If you are a casual wine drinker you may have noticed wines on restaurant menus or wines on the shelves at your local store that have the letters “GSM” on them. Though most producers will list the grape varietals on the bottle, they may not always be particularly visible. If you’ve ever wondered what GSM stood for, now is a great time to learn…and help prepare for our upcoming virtual tasting experience: It’s Okay to Drink a Rhône.
Learn more firsthand from two fantastic GSM producers—Sin Banderas and ZANOLI Wines—at our Virtual Tasting Experience on Thursday, May 28th at 6pm PST. Join here and pre-order our featured wines to sip along with us!
Origins of GSM
Besides filling in as a playful pun (especially given that these days most of us are drinking alone), the word “Rhône” hails from a region of France, specifically a river which is fed by snow melt from the Rhône glacier in the Swiss Alps. It runs a massive 812 km length down from The Alps, deep into the heart of southern France. As is flows south it carves out a steep canyon-like valley known as, you guessed it, the Rhône Valley. The Rhône Valley extends from Lyon in the north, creating the famous Hill of Hermitage, all the way down through Avignon (the old papal capital), eventually dumping the melt water into the Mediterranean Sea. The area is dry and hot and is home to some of France’s most famous wine varietals: Grenache, Syrah, and Mourvèdre. Commonly known as GSM when blended together.
Characteristics of a GSM Wine
Now you have the answer to “What is GSM?”, but that is only a tip of the iceberg. While I would wager many people have tried Syrah, likely fewer know what Grenache tastes like and fewer still have even heard of Mourvèdre. These three grapes, which produce mostly heavy bodied wines, are still unique from each other in their flavors and what they contribute to the blend. A good way to remember how the basics of a GSM blend works is to think of the varietals on a scale of red fruit to black fruit. Grenache is a hearty grape that provides incredible red fruit flavors. Often associates with strawberry jam, or stewed strawberry, as well as white pepper, the Grenache offers what we call “high toned” flavors to the wine: bright red fruit and bright pungent herbal aromas. YUM!
With Syrah, we move along the flavor scale to darker fruit flavors. Syrah is best known for providing blueberry and rich black plum flavors along with intense peppercorn with aromatics of olives, cured meat, and tobacco leaves. This varietal is truly a bouquet of aromas for your senses. Try it for yourself with the ZANOLI 2017 Syrah for The Crafty Cask’s virtual GSM tasting Thursday!
The final grape in the GSM blend is the most hearty, Mourvèdre. This grape brings all the heavy notes of any “low tone” flavor centered wine. When you first open a bottle of Mourvèdre from the famous regions of production like Bandol, you are unlikely to smell fruit. Leather is generally the first aroma to hit your nose. The wine needs plenty of care to open up, but once it does you can expect an onslaught of black fruit, dark spice, dried herbs, and savory aromas. Mourvèdre is most known for contributing blackberry and black plum with floral aromas of violet and intense animal notes of leather, barbecue, smoked meats, and finishing with cigar smoke. The wine can be a meal in itself! Be sure to grab the ZANOLI 2018 Mourvèdre for the upcoming tasting so you can see the how California winemakers handle the Mourvèdre from U.S. soil!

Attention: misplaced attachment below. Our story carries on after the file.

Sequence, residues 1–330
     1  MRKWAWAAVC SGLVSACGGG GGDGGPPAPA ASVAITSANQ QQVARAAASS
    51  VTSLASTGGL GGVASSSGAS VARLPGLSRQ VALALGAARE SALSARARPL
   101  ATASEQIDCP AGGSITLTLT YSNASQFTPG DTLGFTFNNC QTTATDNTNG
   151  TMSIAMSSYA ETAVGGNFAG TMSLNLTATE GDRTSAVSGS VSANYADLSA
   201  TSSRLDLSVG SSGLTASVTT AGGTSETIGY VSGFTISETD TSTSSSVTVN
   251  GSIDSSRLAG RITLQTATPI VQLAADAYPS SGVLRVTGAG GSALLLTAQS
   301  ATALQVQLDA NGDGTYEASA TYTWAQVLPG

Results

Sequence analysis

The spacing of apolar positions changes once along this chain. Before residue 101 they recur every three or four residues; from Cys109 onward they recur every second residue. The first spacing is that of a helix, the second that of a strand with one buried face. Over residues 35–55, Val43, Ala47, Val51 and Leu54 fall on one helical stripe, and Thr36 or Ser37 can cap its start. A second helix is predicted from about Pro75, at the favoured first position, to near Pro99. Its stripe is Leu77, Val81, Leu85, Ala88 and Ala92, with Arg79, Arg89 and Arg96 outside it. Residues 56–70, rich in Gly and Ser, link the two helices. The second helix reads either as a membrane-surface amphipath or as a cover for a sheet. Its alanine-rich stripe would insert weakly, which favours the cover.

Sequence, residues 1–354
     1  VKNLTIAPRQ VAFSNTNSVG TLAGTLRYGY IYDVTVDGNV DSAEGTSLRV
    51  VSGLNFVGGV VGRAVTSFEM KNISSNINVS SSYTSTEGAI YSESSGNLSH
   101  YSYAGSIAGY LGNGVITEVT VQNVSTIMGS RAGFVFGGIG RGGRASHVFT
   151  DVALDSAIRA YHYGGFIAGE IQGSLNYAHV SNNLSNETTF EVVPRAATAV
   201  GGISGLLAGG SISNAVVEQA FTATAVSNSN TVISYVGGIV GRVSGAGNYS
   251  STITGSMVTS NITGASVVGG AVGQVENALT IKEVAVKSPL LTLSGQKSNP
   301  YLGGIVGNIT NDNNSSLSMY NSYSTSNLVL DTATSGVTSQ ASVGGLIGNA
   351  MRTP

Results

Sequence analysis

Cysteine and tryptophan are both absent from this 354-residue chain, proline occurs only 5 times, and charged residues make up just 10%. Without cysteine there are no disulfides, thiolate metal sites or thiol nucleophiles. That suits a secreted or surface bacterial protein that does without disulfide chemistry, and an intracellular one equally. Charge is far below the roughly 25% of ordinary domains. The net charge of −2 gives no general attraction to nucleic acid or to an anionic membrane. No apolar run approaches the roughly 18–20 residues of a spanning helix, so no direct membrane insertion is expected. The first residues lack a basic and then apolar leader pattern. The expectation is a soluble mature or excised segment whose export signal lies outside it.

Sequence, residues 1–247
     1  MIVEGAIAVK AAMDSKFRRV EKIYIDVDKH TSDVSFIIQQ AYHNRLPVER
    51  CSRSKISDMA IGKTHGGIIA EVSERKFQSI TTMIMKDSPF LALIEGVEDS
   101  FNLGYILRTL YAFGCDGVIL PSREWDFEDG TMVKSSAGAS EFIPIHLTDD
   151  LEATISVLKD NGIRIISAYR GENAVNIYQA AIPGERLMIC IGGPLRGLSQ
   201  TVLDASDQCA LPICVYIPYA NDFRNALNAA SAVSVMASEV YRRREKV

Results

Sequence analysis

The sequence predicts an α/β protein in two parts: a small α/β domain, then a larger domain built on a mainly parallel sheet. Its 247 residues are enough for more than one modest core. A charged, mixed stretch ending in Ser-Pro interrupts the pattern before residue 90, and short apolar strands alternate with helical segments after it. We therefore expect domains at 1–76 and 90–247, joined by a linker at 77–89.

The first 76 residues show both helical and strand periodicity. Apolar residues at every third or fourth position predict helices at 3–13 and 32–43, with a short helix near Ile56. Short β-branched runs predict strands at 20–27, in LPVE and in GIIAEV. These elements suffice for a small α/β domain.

Putting Them Back Together
Although these grapes can be incredibly fulfilling as single varietal wines it is also a joy to taste them in the blend. When the GSM blend hits your palate you get a progression of all those flavors from start to finish. Most high quality GSM blends pop with flavors of bright red cherry, strawberry, and raspberry, followed immediately by black plum, blackberry, and black pepper and generally finish with baking spices and savory bbq or cured meat.
There is a reason why the Rhône Valley made this blend famous for so long and it is just as important (and interesting) to see what the U.S. winemakers have done with this style. American GSM wine blends pack a lot of flavor due to the very hot environments we grow them in (such as Paso Robles and Santa Barbara as well as Washington state) and have become world famous for the epic finishes on the wines. Do yourself a favor and pick up the Sin Banderas 2017 Red Rhône blend for next week’s tasting to taste exactly what we’re talking about.
We couldn’t talk about GSM wine without discussing rosé wines. GSM blends make a punchy rosé with fragrant floral and white pepper aromas. This is not your standard lightly-seasoned, crisp Provence rosé. GSM Rosés, which hail mainly from the Tavel region of the Rhône, are rich and savory. Drinking a GSM rosé is like biting into a dragonfruit-strawberry mashup with fruit punch, white pepper, and finishes with nutty flavors and aromas as a result of slight oxidation with low tannin content. Believe it or not, this style of wine goes great with barbecue foods. Perfectly timed for summer, be sure to grab the Sin Banderas 2019 Rosé to see a different take on the GSM wine as a rosé from Washington State.
Join Us To Try Some!
Numerous American wineries nowadays are crafting some very approachable renditions of GSM wine blends and compelling single varietal expressions of the grapes that comprise them. Whether you have any of these wines on hand or not, we hope to see you at our next virtual tasting this Thursday with the makers from both wineries. We’ll deconstruct the GSM and taste through some fantastic component varietals and blends. See you there!